• Intra venous urography (IVU) IVU (also known as intra venous pyelography-IVP) is a specialized X- ray test. In this test, a radio opaque iodine containing dye (fluid which can be seen on X-ray films) is injected into a vein in the arm. This dye then passes through the kidney and gets excreted in to the urine. The urinary tract (kidneys, ureters and bladder) are rendered radio-opaque, and this allows visualization of the entire urinary tract. A series of X-ray pictures are taken at specific time intervals which give a comprehensive view of the anatomy of the urinary system. IVU can reveal problems such as stone, obstruction, tumor and abnormalities in structure and function of the kidneys.
The most important screening tests for kidney diseases are the urinalysis, serum creatinine and ultrasound of kidney.

In cases of advanced CKD, IVU is usually not recommended because the injected dye can damage the already poorly functioning kidneys. In kidney failure, excretion of dye during test may be inadequate. This test is also not recommended during pregnancy. Because of availability of ultrasound and CT scan, this test is used much less frequently nowadays.

  • Voiding cystourethrogram (VCUG) Voiding cystourethrogram - VCUG (previously known as Micturating cystourethrogram - MCU) test is most commonly used in the evaluation of urinary tract infection in children. In this special X - ray test, under sterile conditions, the bladder is filled with contrast medium via the urinary catheter. After the bladder is filled, urinary catheter is removed and the patient is asked to urinate. X -rays taken at intervals during urination show the outline of the bladder and urethra. This test is helpful to diagnose backflow of urine into the ureters, and up to the kidneys (known as vesicoureteric reflux VUR) as well as identifying structural abnormalities of urinary bladder and urethra.
  • Other radiological tests In special circumstances for the diagnosis of certain kidney diseases, other tests such as CT scan of kidney and urinary tract, renal doppler, radionuclear study, renal angiography, antegrade and retrograde pyelography etc. can be useful.
4. Other Special Tests

Kidney biopsy, cystoscopy and urodynamics are special tests which are necessary for the exact diagnosis of certain kidney problems.

A kidney ultrasound is a simple and safe test used to assess the size, shape, and location of the kidneys.

Kidney biopsy

Kidney Biopsy

Kidney biopsy is an important test useful in the diagnosis of certain kidney diseases such as glomerulonephritis, certain tubulointerstitial diseases, etc.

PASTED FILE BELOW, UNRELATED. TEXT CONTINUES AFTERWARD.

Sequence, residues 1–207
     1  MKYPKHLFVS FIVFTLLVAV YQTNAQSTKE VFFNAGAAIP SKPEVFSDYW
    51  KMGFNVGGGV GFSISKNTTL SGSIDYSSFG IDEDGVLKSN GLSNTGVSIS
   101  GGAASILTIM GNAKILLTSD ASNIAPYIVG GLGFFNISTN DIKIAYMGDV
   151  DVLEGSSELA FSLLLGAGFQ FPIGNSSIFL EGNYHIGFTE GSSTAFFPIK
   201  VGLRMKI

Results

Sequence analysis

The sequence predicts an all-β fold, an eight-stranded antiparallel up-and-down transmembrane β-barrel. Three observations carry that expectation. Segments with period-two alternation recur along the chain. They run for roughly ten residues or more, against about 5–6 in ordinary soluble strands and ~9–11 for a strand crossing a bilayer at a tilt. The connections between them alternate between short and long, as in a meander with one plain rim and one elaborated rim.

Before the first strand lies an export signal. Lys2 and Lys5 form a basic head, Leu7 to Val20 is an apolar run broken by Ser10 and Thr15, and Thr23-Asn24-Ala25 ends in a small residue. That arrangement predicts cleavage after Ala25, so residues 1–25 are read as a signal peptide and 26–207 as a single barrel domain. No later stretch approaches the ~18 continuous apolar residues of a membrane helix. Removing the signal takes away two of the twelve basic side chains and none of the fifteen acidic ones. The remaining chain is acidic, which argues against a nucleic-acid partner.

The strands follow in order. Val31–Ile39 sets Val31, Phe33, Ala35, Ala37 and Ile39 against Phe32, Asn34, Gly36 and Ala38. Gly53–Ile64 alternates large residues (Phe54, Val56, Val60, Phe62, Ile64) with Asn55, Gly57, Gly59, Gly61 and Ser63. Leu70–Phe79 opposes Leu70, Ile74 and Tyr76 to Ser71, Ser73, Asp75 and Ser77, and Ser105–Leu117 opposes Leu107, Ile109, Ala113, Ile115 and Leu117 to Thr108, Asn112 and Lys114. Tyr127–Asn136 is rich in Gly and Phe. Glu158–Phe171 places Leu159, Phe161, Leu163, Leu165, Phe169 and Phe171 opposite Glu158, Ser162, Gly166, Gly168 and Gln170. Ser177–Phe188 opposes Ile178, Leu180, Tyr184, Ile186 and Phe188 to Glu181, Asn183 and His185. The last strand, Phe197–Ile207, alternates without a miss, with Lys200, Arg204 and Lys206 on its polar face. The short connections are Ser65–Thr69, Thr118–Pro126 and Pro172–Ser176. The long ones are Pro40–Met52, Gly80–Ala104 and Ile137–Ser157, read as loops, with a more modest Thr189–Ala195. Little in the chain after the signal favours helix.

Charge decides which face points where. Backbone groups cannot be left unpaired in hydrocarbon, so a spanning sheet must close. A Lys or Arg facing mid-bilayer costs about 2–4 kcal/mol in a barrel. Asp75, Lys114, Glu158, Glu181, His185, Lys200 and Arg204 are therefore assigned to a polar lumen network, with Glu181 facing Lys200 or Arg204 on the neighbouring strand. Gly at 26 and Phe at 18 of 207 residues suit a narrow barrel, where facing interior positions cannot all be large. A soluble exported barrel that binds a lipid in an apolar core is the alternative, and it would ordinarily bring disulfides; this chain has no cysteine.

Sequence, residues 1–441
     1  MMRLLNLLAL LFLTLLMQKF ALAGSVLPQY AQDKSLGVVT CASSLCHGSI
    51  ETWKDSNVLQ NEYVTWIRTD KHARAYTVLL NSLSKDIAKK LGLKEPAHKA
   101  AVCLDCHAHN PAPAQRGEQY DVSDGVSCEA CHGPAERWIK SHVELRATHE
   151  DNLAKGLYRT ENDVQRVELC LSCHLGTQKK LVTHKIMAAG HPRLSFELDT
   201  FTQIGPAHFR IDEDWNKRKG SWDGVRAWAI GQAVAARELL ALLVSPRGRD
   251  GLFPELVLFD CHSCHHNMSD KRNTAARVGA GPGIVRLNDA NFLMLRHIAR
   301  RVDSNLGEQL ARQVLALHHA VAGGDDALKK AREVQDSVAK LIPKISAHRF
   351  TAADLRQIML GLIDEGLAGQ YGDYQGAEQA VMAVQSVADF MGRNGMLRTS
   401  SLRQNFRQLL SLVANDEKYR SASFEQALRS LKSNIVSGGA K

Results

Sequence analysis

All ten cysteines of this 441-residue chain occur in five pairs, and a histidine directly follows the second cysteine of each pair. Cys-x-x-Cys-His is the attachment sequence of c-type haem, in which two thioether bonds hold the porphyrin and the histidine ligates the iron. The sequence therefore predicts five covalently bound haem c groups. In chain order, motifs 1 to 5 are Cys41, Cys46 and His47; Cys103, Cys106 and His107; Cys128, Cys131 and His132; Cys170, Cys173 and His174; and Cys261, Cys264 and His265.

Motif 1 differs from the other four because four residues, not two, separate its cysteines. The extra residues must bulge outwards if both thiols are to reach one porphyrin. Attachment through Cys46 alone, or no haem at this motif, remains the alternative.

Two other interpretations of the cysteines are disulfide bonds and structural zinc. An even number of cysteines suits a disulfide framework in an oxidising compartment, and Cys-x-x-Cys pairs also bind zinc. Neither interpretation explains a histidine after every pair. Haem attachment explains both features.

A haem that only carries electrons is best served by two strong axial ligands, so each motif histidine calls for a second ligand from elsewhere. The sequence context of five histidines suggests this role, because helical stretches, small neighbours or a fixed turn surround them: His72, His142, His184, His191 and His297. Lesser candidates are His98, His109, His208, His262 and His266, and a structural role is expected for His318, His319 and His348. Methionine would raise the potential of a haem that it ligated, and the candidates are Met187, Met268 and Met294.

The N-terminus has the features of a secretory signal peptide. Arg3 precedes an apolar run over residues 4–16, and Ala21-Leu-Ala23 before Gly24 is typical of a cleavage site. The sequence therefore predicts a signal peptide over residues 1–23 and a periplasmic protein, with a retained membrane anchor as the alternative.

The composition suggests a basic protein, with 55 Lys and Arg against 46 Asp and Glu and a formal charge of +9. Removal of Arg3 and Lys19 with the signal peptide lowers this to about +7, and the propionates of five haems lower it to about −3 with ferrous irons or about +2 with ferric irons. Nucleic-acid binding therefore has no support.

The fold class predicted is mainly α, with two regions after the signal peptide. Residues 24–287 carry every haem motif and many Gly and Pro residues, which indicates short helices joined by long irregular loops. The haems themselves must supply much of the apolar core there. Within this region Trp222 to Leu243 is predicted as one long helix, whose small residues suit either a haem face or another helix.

What is kidney biopsy?

During a kidney biopsy, a small piece of kidney tissue is removed through a needle and examined under a microscope. Kidney biopsy is performed to diagnose the exact nature of certain kidney diseases, e.g. glomerulonephritis and certain tubulointerstitial diseases, etc.

When is kidney biopsy advised?

In certain kidney diseases even a detailed history, physical examination and routine tests are unable to establish proper diagnosis. In such patients, a kidney biopsy may provide additional information, which can establish the correct diagnosis.

How does the kidney biopsy help?

The kidney biopsy establishes specific diagnosis of certain unexplained kidney diseases, e.g. glomerulonephritis and certain tubulointerstitial diseases, etc. With this information, the nephrologist is able to plan effective treatment strategy and guide patients and their family about the severity and course of the disease.

By which technique is a kidney biopsy performed?

The most common method is via a percutaneous needle biopsy (usually performed in the radiology suite), in which a hollow needle is passed through the skin into the kidney. Another rarely used method is open biopsy which requires surgery (performed in the operating room).

The kidney biopsy is a test performed to establish the diagnosis of certain kidney diseases, glomerulonephritis certain tubulointerstitial diseases etc.
How is a kidney biopsy performed?
  • The patient is admitted in hospital and his consent is obtained.
  • Prior to biopsy it is ensured that blood pressure and blood tests on blood clotting are within normal. Medications used for the prevention of blood clotting (e.g. aspirin and clopidrogel) is recommended to be discontinued for at least 1- 2 weeks prior to biopsy.
  • Ultrasound or CT scan is done to know the position of kidneys and to determine exact biopsy site.
  • The patient is asked to lie face down – on his/her stomach with the abdomen supported by a pillow or towel. The patient is fully awake during the procedure. In small children the kidney biopsy is done under general anesthesia, so the child is not awake.
  • After proper cleaning of the skin, the biopsy site is numbed with local anesthesia to minimize discomfort and pain.
  • With the use of a hollow biopsy needle, 2 or 3 small thread like pieces are obtained from the kidney. These specimens are then sent to the pathologist for histopathology examination.
  • After the biopsy, pressure is applied to the biopsy site to prevent bleeding. The patient is put on complete bed rest for 6-12 hours and usually discharged the following day.
  • The patient is advised to avoid heavy work or exercise for at least 2-4 weeks after the biopsy procedure.
Are there any risks to kidney biopsy?

Like any surgical procedure, complications can occur in a few patients after kidney biopsy. Mild pain or discomfort over the puncture site and passing of reddish urine once or twice is not uncommon, but it usually stops on its own. In rare cases where bleeding continues, blood transfusion may be required. In extreme and very rare circumstances where by intractable severe bleeding persists emergency removal of kidney by surgery may become necessary.

Sometimes kidney tissue obtained may not be adequate for diagnosis (about 1 in 20). Repeat biopsy may be needed in such cases.

The kidney biopsy is usually performed with the use of a thin hollow needle with the patient in the fully awake state.